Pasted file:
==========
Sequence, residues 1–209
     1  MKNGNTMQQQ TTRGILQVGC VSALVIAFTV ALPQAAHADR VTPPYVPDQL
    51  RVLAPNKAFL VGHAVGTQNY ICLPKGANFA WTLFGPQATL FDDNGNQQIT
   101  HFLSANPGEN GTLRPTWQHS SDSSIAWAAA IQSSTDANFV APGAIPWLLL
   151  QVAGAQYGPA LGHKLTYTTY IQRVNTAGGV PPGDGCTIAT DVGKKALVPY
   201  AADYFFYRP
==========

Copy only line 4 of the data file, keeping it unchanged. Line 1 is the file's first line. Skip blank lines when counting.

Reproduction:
   101  HFLSANPGEN GTLRPTWQHS SDSSIAWAAA IQSSTDANFV APGAIPWLLL